Hollywood has enjoyed a long romance with journalists and the (US) newsroom; it’s estimated that approximately 2,000 fictional films have been produced in the US with journalists as main and peripheral characters (the earliest may be Delivering Newspapers (Director unknown), produced in 1907. Another 43 followed before the archetype,1931’s The Front Page (dir. Lewis Milestone) introduced a cynical, boozy, gambling, competitive reporters, both too lazy to break out of the pack, and, whose desperate passion for a scoop would see them kill it.
Hollywood has enjoyed a long romance with journalists and the (US) newsroom; it’s estimated that approximately 2,000 fictional films have been produced in the US with journalists as main and peripheral characters (the earliest may be Delivering Newspapers (Director unknown), produced in 1907. Another 43 followed before the archetype,1931’s The Front Page (dir. Lewis Milestone) introduced a cynical, boozy, gambling, competitive reporters, both too lazy to break out of the pack, and, whose desperate passion for a scoop would see them kill it. It’s often referred to in journalism texts as, “the best known critique and cliché of American journalism”. The classic was updated in 1974 with Jack Lemmon and Walter Matthau, and in 1940 with a gender switch (see His Girl Friday). The rant against the profession — “A journalist? Hell, what does that mean? Peeking through keyholes? Chasing after fire engines? Waking people up in the middle of the night to ask them what they think about Mussolini/Hitler….Stealing pictures off old ladies?” — spewed in some of the classics contrasts with others in which journalists were portrayed sympathetically as truth-seeking heroes.
Which ones are the best? J-Source editor-in-chief Janice Neil shares her top 10 picks. Anything we missed? Tell us in the comments section.
All the President’s Men (1976, dir. Alan J. Pakula) Handsome Robert Redford and charming Dustin Hoffman tell the true story of how the Washington Post broke the stories about President Nixon’s corruption, in what we know as the Watergate scandal. This film is said to be responsible for driving hundreds of idealistic boomers into journalism school.
Almost Famous (2000, dir. Cameron Crowe) The film is based on Cameron Crowe's early precocious life which saw him write rock music articles at age 16 for the Rolling Stone about following the Allman Brothers tour of 1973.
Broadcast News (1987, dir. James Brooks) A prescient film that eerily anticipated then critiqued the creep of entertainment values into television news. Hilarious scenes in editing suites and studio control rooms as well as a grimacing realistic ethical dilemma make this a favourite.
Citizen Kane (1941, dir. Orson Wells) Just like journalists in film are portrayed as heroes or scoundrels, or both, Citizen Kane is routinely sanctified as the World's Greatest Film and was a box-office flop. A character bracingly similar to newspaper tycoon, William Randolph Heart, celebrates journalism by staffing up his newsrooms, but uses them for his own powerfully corrupt ambitions.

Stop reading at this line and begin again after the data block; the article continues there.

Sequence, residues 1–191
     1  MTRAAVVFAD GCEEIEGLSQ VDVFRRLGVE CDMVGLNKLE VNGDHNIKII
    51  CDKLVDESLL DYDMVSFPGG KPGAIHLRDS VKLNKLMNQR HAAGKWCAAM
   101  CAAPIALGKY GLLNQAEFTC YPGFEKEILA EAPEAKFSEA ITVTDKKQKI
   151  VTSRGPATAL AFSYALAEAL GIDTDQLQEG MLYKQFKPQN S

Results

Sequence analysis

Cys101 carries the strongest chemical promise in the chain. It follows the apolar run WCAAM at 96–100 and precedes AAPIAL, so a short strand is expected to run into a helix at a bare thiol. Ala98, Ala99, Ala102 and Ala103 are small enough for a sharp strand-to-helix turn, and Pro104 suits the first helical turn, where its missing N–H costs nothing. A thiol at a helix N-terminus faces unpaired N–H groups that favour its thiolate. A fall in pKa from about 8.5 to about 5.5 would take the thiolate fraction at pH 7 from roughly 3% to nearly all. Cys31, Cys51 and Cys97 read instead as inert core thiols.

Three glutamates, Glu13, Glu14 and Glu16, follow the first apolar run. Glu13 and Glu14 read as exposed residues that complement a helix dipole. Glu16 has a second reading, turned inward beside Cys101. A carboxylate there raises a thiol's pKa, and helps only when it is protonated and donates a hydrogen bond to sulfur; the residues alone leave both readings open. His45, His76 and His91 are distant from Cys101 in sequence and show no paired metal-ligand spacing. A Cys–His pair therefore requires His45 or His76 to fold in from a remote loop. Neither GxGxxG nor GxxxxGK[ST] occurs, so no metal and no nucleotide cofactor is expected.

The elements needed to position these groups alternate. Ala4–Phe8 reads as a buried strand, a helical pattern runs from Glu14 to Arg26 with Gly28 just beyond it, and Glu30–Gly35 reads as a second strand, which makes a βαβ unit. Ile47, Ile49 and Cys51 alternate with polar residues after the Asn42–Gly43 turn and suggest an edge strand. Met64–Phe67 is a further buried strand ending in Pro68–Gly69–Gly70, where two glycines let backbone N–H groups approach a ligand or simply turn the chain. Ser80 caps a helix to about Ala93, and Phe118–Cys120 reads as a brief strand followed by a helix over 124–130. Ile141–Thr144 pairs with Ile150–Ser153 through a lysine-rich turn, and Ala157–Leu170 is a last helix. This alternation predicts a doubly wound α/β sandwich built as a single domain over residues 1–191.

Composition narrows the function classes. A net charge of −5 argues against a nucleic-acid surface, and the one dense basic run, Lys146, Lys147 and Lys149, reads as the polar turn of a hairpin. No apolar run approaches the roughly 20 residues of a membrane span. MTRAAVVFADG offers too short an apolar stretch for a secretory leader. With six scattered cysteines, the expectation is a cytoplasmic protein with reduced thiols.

His Girl Friday (1940, dir. Howard Hawks) A brilliant gender switch of The Front Page that takes the tension in scoundrel-ridden news bureau and comedically tops it up with a romantic love triangle. The dynamic between the fast-talking scoop-happy reporter and her cutthroat yet charming editor, who also happens to be her ex-husband, makes this a fun romp through ethical and professional challenges.
Fear and Loathing in Las Vegas (1998, dir. Terry Gilliam) If gonzo journalist Hunter S. Thompson inspired you to go into journalism school, you may not want to do a reality check with two psychedelic classics about his drug-crazed ‘reporting’ trips. Here, Benicio Del Toro trips across the American West, fueled by the drugs and booze in the car trunk. In Where the Buffalo Roam (2003, dir. Art Linson) Bill Murray plays Thompson as he attempts to cover the 1972 Presidential election and the Super Bowl.
Network (1976, dir. Sidney Lumet) If you think the angry plea, “I’m mad as hell and I can’t take it anymore” reflects a reporter’s disgust with his pay stub, you’d be…wrong. It’s Howard Beale’s desperate attempt to keep his anchorman job by injecting more trashy reality into TV news.
The Paper (1984, dir. Ron Howard) A morality tale about workaholic reporters facing a choice about working for the virtuous but financially-strapped truth-seeking newspaper and the free-spending tabloid. A sentimental – and therefore, unusual- portrayal of the pressures facing the publisher, editor, reporters and their colleagues-as spouses.
State of Play (2009, dir. Kevin Macdonald) A political/murder thriller that sees Russell Crowe’s ruthless editor forces him to investigate a murder connected to a friend and an ambitious US congressman. (See this J-Source article)
Shattered Glass (2003, dir. Billy Ray) The true story of Stephen Glass, who concocted sources, quotes and even entire events in 27 of the 41 stories published while he was a 20-something staff writer at The New Republic.
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